Staying Healthy After a Knee Injury

The knee is one of the largest and most used joints in the body, making it more susceptible to injuries that can cause pain, swelling, and damage to the knee. Although injuries can be unpredictable and unavoidable at times, it is good to understand the causes of these injuries, options to recover from them, and what you can do to prevent them from reoccurring.

In this article, we’ll explore the most common types of knee injuries and what lifestyle changes you can make to help you stay healthy after a knee injury or avoid one as much as possible.

Common Types of Knee Injury

Knee injuries affect the knee’s central components, including the bone, cartilage, ligaments, tendons, or bursae (the sacs filled with fluid surrounding the knee joint). In most cases, knee injuries need medical attention and sometimes even require surgery to heal fully.

Some of the more common types of knee injuries are below:

I. Knee Fractures

Knee fractures occur when any of the bones (notably the kneecap or “patella”) suffers a fracture. The kneecap acts as a shield and protects the knee joint’s more delicate ligaments and tendons. Fractures are caused by high-impact forces such as falling or taking a hit while playing a sport. However, conditions such as osteoporosis can make people more susceptible to fractures. Fractures are both common and severe and will require medical attention because the bone needs to be kept in place to heal properly.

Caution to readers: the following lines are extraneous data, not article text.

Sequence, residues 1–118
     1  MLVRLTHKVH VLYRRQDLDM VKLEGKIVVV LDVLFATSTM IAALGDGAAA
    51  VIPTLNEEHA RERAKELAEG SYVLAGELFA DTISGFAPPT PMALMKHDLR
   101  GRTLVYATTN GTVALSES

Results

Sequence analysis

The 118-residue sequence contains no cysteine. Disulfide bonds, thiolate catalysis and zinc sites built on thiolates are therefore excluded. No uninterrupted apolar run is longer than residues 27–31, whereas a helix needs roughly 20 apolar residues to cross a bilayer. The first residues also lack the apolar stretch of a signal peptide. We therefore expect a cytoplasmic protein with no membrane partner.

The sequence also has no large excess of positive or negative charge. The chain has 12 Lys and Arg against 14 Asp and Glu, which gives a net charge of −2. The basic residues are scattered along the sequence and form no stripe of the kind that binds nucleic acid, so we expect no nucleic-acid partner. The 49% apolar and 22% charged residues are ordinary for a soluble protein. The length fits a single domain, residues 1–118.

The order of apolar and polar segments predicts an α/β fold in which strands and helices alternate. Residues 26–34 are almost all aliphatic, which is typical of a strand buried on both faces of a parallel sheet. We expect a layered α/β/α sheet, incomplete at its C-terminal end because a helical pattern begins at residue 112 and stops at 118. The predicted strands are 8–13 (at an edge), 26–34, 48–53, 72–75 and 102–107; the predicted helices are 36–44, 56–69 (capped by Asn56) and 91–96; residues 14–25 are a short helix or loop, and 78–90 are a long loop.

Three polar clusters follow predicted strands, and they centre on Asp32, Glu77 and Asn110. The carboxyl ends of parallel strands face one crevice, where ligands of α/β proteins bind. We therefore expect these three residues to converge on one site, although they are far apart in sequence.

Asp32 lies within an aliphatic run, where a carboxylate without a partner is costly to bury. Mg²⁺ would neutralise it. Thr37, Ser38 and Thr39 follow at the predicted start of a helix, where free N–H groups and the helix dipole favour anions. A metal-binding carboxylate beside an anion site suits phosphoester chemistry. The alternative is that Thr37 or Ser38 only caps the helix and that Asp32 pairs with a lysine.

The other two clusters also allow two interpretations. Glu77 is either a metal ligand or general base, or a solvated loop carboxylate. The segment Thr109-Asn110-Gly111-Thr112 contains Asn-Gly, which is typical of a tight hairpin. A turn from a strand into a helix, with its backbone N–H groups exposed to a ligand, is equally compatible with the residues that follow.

II. Ligament Sprains & Tears

Ligaments are elastic tissues that connect bones. The most common injury occurs to the anterior cruciate ligament (ACL), which sprains or tears. Typically, it happens from sudden turns or movements during sports activities but can also occur from incorrectly landing after jumping or accidents. While a sprain will heal with rest, tears will require surgery.

However, the ACL isn’t the only ligament susceptible to injury. The knee joint also contains the posterior cruciate ligament (PCL), the lateral collateral ligament (LCL), and the medial collateral ligament (MCL), which play important functions in joint stability and proper articulation. While a sprain in these areas will heal with rest, tears or ruptures may require surgery.

III. Tendon Tears

The soft tissues that attach muscles to bones are called tendons. This common knee injury in middle-aged to older individuals occurs when engaging in strenuous activities such as running or jumping and then landing in an awkward position. The tendon cannot support the overextension, resulting in a tear. However, falls can also cause the tendon to tear.

IV. Meniscus Tear

Another common injury occurs when the cartilage responsible for absorbing shock breaks or tears. The piece of cartilage between the shinbone and thigh bone is called the meniscus. Athletes are more likely to injure the meniscus due to sudden and rapid changes in movement, but age also causes them to wear down over time. In this case, you might feel or even hear a “pop” when cartilage tears.